My first day back home for spring break, my phone decided to surprise me. For unknown reasons, it would not turn on and remained stuck, flashing the words “Samsung Galaxy Note 4” and not loading the home screen. As an extremely anxious person, I had to solve this problem immediately, knowing that I would be meeting my friends at the theme park California Adventure the next day. Luckily, I had my old phone, which essentially could only text and call, stored in a drawer.
This unexpected difficulty turned out to be a blessing, because it helped me to recognize how much I don’t need my phone. My time at California Adventure flew by, and the time I spent waiting in lines with my friends, rather than being awkward, was instead filled with more light conversation. Keeping my phone away also seemed to inspire this behavior in the people around me.
This also happened to coincide with a period of time within my life when I had decided to abandon social media forms that did not involve direct contact. This meant that I deleted Instagram and Facebook off my phone even before it broke, but kept Snapchat and Messenger around. This combination of situations led me to recognize more successful ways to use social media effectively.
For one, many people often try to cut social media out in all sorts of ways because it can be an immense distraction, which I can definitely agree with. This realization came from deleting Facebook off my phone, but my muscle memory continued to unlock my phone out of habit, expecting to click an app that wasn’t there. After about a week or so, I learned to break this habit, and I realized that I was only missing the occasional meme or new profile picture.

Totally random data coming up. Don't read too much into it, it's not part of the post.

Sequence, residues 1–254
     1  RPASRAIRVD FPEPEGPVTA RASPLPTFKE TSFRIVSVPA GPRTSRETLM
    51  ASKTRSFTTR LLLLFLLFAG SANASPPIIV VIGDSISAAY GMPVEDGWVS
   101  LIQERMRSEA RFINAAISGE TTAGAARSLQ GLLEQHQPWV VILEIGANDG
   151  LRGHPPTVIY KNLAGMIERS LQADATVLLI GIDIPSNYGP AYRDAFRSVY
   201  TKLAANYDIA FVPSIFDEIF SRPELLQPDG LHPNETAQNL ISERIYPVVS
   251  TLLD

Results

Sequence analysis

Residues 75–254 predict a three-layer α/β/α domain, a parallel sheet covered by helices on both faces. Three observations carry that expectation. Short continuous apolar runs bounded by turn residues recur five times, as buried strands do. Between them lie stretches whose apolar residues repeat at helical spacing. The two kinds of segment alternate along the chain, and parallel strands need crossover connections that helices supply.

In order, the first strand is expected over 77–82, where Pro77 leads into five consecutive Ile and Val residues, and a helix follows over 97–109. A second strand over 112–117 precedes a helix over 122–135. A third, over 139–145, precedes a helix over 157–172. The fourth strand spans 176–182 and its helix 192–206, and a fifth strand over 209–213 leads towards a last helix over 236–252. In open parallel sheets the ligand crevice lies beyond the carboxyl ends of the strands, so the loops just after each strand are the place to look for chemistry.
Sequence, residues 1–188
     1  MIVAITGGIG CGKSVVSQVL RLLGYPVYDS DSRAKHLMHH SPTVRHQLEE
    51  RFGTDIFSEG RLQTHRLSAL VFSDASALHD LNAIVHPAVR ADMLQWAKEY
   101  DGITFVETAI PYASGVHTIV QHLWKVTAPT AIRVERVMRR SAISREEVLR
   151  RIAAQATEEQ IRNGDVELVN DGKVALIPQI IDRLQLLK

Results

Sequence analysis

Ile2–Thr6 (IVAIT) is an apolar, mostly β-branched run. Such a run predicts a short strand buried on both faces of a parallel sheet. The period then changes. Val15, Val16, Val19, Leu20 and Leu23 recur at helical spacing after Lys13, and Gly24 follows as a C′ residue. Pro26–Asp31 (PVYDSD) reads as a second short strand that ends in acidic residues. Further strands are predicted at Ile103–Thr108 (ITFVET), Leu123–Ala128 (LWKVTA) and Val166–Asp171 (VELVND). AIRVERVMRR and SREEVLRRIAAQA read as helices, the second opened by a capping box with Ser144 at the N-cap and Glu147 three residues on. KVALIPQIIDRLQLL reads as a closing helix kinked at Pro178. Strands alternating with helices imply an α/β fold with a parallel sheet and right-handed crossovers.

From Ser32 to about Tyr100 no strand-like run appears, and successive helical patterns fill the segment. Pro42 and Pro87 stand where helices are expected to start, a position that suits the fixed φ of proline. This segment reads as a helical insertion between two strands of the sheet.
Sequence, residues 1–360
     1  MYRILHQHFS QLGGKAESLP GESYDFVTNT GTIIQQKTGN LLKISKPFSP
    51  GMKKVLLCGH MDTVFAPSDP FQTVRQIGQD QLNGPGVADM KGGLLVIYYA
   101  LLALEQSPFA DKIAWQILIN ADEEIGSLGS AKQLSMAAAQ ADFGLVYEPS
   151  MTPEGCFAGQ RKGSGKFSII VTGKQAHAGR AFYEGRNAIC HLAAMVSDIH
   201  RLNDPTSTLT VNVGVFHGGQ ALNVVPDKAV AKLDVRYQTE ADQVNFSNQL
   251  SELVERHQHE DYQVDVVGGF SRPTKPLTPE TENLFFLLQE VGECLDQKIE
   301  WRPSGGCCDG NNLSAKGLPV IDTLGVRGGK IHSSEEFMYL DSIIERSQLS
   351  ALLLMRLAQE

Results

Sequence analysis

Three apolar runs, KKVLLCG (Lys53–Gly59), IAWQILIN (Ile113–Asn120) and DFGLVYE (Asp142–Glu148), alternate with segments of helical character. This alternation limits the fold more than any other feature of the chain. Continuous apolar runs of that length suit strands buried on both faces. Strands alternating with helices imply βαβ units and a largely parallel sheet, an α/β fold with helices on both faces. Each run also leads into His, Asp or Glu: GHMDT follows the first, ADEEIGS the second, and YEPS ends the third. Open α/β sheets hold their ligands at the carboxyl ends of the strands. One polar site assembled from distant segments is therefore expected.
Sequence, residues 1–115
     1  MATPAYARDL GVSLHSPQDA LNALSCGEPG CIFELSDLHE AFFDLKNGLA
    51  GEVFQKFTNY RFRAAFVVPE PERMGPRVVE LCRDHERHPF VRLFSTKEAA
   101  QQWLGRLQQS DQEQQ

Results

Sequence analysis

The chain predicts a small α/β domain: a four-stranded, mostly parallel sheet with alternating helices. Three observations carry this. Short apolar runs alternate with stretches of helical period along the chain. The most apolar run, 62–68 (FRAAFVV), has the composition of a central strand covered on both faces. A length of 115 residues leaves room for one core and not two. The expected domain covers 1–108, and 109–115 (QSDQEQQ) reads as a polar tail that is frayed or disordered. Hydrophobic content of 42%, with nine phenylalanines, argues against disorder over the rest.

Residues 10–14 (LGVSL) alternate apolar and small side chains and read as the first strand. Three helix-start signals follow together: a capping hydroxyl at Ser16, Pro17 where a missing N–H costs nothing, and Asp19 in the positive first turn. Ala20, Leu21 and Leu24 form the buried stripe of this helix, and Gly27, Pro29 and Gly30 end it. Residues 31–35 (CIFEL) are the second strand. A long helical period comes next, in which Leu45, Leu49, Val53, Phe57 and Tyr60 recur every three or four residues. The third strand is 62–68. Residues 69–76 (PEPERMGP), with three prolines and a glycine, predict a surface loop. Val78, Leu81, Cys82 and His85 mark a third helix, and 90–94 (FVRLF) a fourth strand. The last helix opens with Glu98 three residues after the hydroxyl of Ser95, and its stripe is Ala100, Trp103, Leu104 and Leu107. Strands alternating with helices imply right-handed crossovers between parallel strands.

When I told my brother that I had cut out social media, he laughed at me, because we had been consistently messaging on Messenger. However, I have found that my most consistent usage utilizes direct communication platforms because of their ability to build up relationships in a more private and personal manner. In fact, according to Pew Research Center, 41 percent of 18-29 year olds in serious relationships have felt closer to their partner because of online or text message conversations. When studying relationship communication through messaging for my PWR paper, this statistic solidified my idea about messaging’s ability to successfully develop relationships. As someone in the young adult age group, after using social media for the past few years, I have found that direct communication is the most efficient and rewarding aspect of social media.
These direct communication platforms manifest themselves in the form of Snapchat and Messenger for me. While they may seem quite different, the ability to send things directly to people reminds how intentionally someone is thinking of you. This mimics how I would naturally speak to someone directly or send them a picture of something that had been happening throughout my day.
Other platforms such as Facebook or Instagram differ greatly from how I naturally interact with people. I would compare those platforms to getting up in front of a large group of people and presenting a photo or stating something on my mind, which rarely happens to me. Furthermore, I have long come to realize that Facebook stalking anyone, whether it be a friend or a stranger, doesn’t build the relationship, even though it might end up taking up your time. Everyone utilizes social media differently, and finding the perfect balance can be hard, but being mindful of usage and how it contributes to each relationship allows for a more successful relationship with our phones.
Contact Serena Lin at serenal ‘at’ stanford.edu.